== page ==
Durability assessment of geopolymeric and cementitious composites for screed applications

Joud Hwalla, Hilal El-Hassan, Joseph J. Assaad, Tamer El-Maaddawy

Research output: Contribution to journalArticlepeer-review

1 Citation (Scopus)


This research aims to assess the mechanical, durability, and microstructure properties of screed flooring composites produced with different binding materials. Ordinary Portland cement and fly ash were used to produce the cement-based materials, while fly ash and ground granulated blast furnace slag were activated by alkaline solution to formulate the geopolymers. Dune sand and crushed limestone sand were used as fine aggregates, along with different solution-to-binder and binder-to-sand ratios. The results showed that using dune sand instead of crushed sand and increasing the water, solution, and sand contents decreased the compressive strength, impact resistance, and abrasion resistance, and increased the water absorption and rate of absorption. Compared to cement-based counterparts, the use of geopolymers resulted in higher compressive strength, impact and abrasion resistance, and rate of absorption, and lower water absorption. Geopolymer screeds exposed to acetic acid and hydrochloric acid exhibited superior performance than cement-based materials due to better stability of aluminosilicate links produced during geopolymerization. Crushed sand was more reactive with acetic and hydrochloric acid compared to dune sand, leading to inferior performance of associated screeds. With salt attack, the mass of cement screeds was reduced significantly, while geopolymer counterparts remained stable or increased due to matrix densification. This was evidenced by X-ray diffraction, wherein the intensities of the main cement hydration phases decreased compared to those observed in the geopolymeric activated phases.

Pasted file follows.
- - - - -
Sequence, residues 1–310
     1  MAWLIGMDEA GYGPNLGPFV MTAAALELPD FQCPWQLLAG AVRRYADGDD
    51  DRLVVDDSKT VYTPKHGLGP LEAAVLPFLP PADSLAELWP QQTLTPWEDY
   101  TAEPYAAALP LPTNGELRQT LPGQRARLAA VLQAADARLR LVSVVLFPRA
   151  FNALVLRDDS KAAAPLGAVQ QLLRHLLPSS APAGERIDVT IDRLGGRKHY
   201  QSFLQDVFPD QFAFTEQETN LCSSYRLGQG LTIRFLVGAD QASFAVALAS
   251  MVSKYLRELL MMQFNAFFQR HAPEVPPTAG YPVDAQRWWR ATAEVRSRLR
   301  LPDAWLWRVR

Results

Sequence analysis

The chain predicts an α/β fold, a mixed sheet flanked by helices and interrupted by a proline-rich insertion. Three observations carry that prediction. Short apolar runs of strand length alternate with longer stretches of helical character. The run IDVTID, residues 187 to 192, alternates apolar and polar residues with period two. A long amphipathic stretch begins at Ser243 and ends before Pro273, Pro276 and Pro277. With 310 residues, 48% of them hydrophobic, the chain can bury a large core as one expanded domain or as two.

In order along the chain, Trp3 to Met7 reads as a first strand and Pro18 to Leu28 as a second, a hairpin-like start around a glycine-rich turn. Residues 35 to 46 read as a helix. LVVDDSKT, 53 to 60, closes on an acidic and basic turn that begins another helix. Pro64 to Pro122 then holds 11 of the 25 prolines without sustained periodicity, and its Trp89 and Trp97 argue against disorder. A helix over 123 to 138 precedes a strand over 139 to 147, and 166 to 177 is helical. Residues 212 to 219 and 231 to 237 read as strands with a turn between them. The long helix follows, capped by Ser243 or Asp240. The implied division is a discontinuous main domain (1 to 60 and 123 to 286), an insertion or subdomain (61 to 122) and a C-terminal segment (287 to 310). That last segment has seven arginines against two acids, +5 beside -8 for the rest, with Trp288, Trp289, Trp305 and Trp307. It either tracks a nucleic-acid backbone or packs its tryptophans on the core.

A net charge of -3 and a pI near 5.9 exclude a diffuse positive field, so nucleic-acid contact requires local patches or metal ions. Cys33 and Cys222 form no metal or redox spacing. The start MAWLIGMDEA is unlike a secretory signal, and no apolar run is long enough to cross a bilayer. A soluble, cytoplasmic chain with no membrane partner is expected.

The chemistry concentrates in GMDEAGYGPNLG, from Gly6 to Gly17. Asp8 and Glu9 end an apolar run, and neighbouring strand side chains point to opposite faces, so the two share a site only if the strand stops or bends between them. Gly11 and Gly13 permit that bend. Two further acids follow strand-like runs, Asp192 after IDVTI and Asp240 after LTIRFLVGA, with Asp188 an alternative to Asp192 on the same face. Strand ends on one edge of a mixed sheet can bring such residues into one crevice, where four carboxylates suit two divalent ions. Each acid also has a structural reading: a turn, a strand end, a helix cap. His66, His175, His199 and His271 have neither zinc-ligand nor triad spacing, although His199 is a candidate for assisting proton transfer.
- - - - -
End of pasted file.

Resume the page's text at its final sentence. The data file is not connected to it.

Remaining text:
Original languageEnglish
Article number109037
JournalJournal of Building Engineering
Publication statusPublished - Jun 15 2024


  • Acid attack
  • Geopolymer
  • Impact resistance
  • Mechanical properties
  • Microstructure
  • Salt attack
  • Screed

ASJC Scopus subject areas

  • Civil and Structural Engineering
  • Architecture
  • Building and Construction
  • Safety, Risk, Reliability and Quality
  • Mechanics of Materials


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